Being Human was the topic of the AQR Conference this year. As part of this conference, Abbey Clemens from Tonic, led a session about how we can use playing games in qual research to get under the skin of respondents. As a projective technique, it is completely led by the consumer, eliminating all direct questioning while gaining a deep understanding of decision making, mindsets, reactions and context.
The methodology has multiple benefits: for the respondent, the researcher and of course the client through the depth and breadth of insight. For respondents, it’s fun, natural, easy to get involved in and inclusive. On the other hand, researchers gain from playing games because creates a great group dynamic and it’s an excellent exercise to understand the market context as well as the individual consumer context. While there are many benefits to game playing, there is a concern that we won’t get the depth of insight that we need from it.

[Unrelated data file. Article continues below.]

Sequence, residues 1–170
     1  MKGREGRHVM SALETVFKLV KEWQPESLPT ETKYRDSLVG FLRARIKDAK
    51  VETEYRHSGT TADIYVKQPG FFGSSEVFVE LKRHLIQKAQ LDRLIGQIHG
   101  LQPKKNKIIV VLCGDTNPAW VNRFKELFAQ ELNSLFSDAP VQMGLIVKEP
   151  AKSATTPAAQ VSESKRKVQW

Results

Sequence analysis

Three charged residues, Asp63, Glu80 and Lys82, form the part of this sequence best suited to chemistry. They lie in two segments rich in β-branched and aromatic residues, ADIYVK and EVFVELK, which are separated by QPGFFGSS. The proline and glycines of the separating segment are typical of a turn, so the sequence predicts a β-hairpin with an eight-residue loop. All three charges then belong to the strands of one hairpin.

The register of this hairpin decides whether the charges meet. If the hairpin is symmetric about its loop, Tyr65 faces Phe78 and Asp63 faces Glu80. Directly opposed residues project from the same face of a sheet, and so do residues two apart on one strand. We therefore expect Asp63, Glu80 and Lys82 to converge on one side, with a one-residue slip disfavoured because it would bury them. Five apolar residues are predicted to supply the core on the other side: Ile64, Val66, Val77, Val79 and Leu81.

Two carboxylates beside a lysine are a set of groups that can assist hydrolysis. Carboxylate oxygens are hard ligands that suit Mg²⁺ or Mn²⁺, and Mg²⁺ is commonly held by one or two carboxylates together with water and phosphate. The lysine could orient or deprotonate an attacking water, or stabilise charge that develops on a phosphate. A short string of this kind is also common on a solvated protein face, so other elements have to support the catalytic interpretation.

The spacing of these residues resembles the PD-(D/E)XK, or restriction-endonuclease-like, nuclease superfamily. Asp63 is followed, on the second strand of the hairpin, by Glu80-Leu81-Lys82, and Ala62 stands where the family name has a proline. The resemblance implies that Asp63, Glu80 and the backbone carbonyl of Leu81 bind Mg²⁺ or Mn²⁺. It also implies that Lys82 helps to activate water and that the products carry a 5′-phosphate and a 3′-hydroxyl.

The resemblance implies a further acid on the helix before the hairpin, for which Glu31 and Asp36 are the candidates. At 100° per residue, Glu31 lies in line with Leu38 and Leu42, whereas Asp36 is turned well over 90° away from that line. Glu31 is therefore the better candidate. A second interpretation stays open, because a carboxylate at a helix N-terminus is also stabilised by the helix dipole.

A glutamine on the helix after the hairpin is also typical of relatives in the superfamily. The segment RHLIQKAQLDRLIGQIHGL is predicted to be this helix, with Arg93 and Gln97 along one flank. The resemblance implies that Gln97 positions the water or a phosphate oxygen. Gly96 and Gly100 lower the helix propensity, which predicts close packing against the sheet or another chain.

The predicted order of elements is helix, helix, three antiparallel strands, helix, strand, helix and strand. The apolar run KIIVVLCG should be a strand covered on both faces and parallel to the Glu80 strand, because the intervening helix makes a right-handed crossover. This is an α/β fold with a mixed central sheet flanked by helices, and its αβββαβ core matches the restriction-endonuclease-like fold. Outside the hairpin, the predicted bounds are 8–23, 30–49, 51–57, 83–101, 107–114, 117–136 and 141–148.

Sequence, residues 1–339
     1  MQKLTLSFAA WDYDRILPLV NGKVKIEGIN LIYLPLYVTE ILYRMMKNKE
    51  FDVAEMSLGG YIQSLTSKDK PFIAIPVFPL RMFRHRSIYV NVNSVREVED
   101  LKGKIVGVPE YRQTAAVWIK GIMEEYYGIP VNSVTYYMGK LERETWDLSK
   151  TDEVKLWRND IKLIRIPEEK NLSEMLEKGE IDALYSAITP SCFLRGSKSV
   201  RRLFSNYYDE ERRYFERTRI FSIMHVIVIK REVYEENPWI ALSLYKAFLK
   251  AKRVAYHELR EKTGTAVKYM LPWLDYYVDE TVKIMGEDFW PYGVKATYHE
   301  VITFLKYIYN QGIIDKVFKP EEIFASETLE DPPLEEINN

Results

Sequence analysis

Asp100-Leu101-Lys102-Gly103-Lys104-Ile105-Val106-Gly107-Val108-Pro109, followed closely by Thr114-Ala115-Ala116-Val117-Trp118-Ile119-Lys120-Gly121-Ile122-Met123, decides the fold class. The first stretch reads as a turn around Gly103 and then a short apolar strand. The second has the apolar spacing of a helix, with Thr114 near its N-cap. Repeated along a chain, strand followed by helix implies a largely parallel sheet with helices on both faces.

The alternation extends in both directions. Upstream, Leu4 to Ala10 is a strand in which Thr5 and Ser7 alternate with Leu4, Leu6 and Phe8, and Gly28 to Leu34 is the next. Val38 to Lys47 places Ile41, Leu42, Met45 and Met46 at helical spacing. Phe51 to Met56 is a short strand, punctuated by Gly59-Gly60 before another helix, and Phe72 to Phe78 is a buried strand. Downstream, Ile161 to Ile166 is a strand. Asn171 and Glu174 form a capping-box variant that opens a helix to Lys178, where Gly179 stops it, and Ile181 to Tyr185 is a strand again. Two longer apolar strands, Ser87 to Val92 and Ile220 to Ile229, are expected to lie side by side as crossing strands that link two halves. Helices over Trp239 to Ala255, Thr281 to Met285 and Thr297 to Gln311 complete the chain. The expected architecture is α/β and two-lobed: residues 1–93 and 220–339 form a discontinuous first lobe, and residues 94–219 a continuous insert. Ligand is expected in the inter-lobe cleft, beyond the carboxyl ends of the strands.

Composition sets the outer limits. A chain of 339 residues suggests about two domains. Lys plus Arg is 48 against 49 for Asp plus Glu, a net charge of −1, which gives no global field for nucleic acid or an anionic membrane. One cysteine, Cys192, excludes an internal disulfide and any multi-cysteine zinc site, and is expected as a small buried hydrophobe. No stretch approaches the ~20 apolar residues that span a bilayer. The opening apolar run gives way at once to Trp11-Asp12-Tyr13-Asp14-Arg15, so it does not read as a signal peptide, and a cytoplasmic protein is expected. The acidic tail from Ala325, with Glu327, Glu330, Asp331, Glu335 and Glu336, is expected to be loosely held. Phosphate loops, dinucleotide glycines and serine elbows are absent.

So, the aim of the session was to get attendees to experience game playing first hand so that they could see what it feels like as a respondent but also from a researcher’s point of view by seeing it in action. To do this, we broke the room into groups of 6-8 and got them to play a game designed specifically for the conference, The Game of Life. The result are these live illustrations drawn as conversations unfolded. The first one illustrates the game in action and the types of choices participants were making. The second and third ones detail the theory and benefits as well as the key principles to using game playing. These illustrations really bring to life the energy and enthusiasm participants (other researchers no less!) had for the methodology and post conference we heard from a number of people that the session successfully changed their mind about game playing. So, if you haven’t tried it yet, what’s stopping you?
We are busy writing a white paper with more detail on the theory and principles behind it. If you are interested in a copy please email firstname.lastname@example.org